Signing your SLD

By implementing DNSSEC, you introduce cryptographic certainty that when a person looks up a Domain Name with DNSSEC validation enabled, the answer received will be correct. In order to perform DNSSEC validation, there needs to be a trusted chain of signatures from the root zone (the invisible ‘dot’ at the end of a Domain Name), down to the right most component of a FQDN (Fully Qualified Domain Name) – e.g.

Any “gap” in the chain invalidates the DNSSEC validation, therefore it prohibits people below you on the DNS chain from being able to secure their own DNS.

A secured Zone also allows other material to be included into the Zone, such as TLSA records – which helps authenticate that SSL certificates that Secured Web sites use are in fact correct.

There are two methods to sign your zone that will be mentioned below – BIND or OpenDNSSEC. The Software is usually run on Linux (*nix) type systems.

In looking at the the provided methods of signing, you will see reference to the terms NSEC and NSEC3. For a Second Level Domain, you should choose NSEC3 over NSEC signing, which will stop your zone from being enumerated.

The other useful piece of information is that a nameserver should only have one role, it should either have Zones (authoritative) or be able to look up information (recursive). It should not do both – do not mix these roles. In order to test that DNSSEC is working, you need to ask a Recursive machine that can chase down signatures from the Root. Asking the Authoritative server directly will not work.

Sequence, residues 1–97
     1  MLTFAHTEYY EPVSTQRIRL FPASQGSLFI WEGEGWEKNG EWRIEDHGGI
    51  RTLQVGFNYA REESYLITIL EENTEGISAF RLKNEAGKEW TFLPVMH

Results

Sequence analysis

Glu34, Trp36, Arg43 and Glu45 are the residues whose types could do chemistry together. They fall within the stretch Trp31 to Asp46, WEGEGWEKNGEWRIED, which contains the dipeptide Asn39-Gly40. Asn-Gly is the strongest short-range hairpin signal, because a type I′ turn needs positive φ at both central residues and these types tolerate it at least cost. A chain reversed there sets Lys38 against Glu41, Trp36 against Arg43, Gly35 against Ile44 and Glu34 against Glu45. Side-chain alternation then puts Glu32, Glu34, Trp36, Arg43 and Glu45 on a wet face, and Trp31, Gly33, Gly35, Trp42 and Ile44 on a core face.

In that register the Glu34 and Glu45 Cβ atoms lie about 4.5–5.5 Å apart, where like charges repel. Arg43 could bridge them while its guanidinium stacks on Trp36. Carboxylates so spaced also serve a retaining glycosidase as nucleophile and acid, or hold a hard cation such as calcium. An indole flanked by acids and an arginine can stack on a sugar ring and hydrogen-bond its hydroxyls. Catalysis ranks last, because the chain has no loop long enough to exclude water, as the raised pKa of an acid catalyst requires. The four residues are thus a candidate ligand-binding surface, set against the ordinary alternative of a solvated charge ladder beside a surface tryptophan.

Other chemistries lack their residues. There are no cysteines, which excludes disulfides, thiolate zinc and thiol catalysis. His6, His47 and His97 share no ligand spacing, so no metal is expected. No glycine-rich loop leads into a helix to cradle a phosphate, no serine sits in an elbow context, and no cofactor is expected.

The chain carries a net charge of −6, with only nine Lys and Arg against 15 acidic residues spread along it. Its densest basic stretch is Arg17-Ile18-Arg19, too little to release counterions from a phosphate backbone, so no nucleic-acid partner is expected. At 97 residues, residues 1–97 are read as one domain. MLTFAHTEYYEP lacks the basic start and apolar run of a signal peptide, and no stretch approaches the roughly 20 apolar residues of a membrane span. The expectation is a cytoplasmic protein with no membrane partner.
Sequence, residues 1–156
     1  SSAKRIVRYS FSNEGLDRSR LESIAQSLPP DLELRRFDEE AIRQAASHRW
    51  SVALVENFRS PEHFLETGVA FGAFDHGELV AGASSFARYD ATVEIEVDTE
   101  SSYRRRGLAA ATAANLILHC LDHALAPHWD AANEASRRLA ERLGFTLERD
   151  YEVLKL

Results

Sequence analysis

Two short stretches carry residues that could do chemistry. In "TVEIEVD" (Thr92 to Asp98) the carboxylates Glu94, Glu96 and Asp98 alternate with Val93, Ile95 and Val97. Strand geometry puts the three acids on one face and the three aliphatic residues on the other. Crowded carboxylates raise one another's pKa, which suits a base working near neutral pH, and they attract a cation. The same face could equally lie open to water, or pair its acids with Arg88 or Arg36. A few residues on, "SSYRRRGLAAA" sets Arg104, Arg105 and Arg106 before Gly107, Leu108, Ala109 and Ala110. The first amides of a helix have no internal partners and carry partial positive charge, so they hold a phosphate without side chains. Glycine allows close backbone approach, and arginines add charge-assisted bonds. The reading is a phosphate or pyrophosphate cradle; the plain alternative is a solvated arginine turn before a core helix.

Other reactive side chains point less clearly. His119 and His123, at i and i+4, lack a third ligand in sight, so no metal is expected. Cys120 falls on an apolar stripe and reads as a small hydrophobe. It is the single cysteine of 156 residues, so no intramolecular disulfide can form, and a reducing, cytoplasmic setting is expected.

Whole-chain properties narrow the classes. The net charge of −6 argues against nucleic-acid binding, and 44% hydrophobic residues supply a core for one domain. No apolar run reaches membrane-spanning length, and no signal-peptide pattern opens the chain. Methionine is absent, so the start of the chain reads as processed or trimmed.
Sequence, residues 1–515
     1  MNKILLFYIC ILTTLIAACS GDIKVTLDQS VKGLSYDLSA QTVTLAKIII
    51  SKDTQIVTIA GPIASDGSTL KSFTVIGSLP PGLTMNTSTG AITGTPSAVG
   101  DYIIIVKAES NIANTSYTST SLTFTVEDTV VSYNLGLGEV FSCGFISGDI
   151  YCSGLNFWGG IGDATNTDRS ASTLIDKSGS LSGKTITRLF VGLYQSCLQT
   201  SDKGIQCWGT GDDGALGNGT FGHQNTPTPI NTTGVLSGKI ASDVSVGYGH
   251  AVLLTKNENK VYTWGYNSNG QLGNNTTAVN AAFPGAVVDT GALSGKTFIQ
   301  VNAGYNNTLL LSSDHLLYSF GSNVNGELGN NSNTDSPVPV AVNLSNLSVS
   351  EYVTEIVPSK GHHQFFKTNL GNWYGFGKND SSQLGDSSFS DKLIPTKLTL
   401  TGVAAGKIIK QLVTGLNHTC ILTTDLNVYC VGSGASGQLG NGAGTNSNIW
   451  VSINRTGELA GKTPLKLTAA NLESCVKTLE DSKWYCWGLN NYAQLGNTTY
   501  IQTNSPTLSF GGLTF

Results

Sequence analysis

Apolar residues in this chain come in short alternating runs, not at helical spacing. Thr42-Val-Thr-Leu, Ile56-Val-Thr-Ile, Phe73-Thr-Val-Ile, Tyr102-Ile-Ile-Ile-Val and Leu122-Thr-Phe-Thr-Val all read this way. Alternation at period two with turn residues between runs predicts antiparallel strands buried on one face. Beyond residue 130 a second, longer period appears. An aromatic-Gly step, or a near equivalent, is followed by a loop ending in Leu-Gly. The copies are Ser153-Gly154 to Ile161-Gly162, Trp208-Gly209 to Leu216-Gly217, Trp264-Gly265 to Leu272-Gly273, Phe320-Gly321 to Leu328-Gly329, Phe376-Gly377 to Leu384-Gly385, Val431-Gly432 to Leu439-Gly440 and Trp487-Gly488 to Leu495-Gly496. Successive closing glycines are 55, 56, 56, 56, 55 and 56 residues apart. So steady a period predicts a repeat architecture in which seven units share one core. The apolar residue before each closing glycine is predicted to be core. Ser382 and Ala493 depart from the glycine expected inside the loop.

This is probably the most popular method of signing Zones and is used by many ccTLDs. The “OpenDNSSEC” software needs to be installed. It uses a second piece of equipment – an HSM (Hardware Security Module) – to create and store signatures. The HSM is also used to sign the Zone.

OpenDNSSEC also comes with a Software HSM so there is no need to purchase the Hardware version. ZA is signed by physical HSM’s as is the “root” of the Internet. Banks and similar organisations will probably do the same.

Most people though can rely on the “Soft” HSM. (BIND can also be configured to use HSM’s). Once set up, this runs automatically although like any software, may need a prod or two over time. The software comes with a How-To Guide on how to setup the software and get things running.


Bind sets the standard by which all other DNS systems emulate. BIND will allow a Zone to be automatically signed and keep it up to date. Currently though, Signatures need to be manually created, though this too will be automated. Technically, new signatures may only need to be required every few years – the Signatures in the Root are already over five years old.

To add DNSSEC to BIND – Have a look here:

Inline Signing in ISC-BIND
Inline Signing with NSEC3


The other side of signing is DNSSEC Validation. This is handled by the people who run Recursive Nameservers, the ISPs that provide access to the man in the street. Telkom SA amongst others already runs DNSSEC Validation, so as soon as your Zone is Signed, the DNSSEC side will be validated on behalf of a large proportion of end users in South Africa.


In order to sign the SLD to the parent zone .ZA, send the DS key to ZADNA.